Entrapment/Manufactured Charges/Agent Provocateurs Prosecutions

  • Man who admitted to plotting US attacks to be sentenced

    Source: Associated Press. An Ohio man, Munir Abdulkader, faces sentencing after pleading guilty to charges that he plotted attacks against a member of the U.S. military and a police station in support of the Islamic State group. Court documents said 22-year-old Abdulkader pleaded guilty to attempting to kill officers and employees of the United States, providing material support of a foreign terrorist organization and to a firearms count. A former CIA operations officer who has written extensively about terrorist organizations has claimed that Abdulkader was unfairly set up. In a court filing, Marc Sageman argued that the FBI’s use of a confidential source gave Abdulkader means to commit an attack that he wasn’t able to carry out without the government’s involvement.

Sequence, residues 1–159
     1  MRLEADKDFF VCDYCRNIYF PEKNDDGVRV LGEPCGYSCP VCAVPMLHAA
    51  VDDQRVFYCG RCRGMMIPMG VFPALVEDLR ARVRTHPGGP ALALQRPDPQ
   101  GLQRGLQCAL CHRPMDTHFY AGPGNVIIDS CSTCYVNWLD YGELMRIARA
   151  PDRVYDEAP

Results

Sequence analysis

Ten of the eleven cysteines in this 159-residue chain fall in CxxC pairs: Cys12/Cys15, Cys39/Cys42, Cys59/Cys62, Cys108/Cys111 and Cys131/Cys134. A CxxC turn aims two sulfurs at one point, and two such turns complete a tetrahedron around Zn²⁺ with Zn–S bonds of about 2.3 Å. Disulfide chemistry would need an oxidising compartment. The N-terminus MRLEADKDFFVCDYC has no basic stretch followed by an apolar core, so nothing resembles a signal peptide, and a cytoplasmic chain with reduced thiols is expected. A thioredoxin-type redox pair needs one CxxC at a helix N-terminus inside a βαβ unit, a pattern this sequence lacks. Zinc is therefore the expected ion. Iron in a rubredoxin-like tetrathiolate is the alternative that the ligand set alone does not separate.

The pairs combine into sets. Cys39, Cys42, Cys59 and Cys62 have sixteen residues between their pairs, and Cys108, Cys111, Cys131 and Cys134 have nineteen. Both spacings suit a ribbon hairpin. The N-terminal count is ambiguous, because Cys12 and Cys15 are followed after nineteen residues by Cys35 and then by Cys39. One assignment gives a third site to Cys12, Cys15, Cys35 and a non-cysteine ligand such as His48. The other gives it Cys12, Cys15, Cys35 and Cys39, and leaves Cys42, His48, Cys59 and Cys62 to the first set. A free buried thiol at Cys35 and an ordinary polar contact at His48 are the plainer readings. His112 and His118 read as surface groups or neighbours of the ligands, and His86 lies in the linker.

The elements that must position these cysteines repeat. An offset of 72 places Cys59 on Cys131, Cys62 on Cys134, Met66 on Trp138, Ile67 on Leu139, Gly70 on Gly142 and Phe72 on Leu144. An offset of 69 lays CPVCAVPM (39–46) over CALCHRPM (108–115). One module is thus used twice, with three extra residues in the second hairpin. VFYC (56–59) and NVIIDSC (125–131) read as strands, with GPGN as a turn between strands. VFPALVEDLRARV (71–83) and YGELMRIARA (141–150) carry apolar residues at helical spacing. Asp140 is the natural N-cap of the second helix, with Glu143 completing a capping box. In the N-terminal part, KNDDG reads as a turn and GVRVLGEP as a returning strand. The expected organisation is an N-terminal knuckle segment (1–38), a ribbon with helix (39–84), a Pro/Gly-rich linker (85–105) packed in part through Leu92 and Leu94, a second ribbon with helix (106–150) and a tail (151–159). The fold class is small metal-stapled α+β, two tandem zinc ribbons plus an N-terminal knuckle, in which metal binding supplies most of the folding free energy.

• Arizona man accused of terrorism changes his plea to guilty

    Source: Associated Press. Mahin Khan, 18, pleaded guilty to terrorism, conspiracy to commit terrorism and conspiracy to commit misconduct involving weapons, Maricopa County Superior Court officials said. Under a plea deal with the Arizona Attorney General’s Office, Khan reportedly will serve a prison term of no less than five years and no more than 10 years and three months on the conspiracy to commit terrorism charge. Khan wanted to attack a motor vehicle office in the Phoenix suburb of Mesa and allegedly instructed an undercover FBI employee to start building homemade grenades, authorities said. Khan’s parents later sent a letter to a Tucson TV station stating that their son is autistic and doesn’t have the mental capacity to carry out any of the acts he was accused of planning.

  • Held on charges of supporting ISIS, he says the FBI trapped him in its own terror plot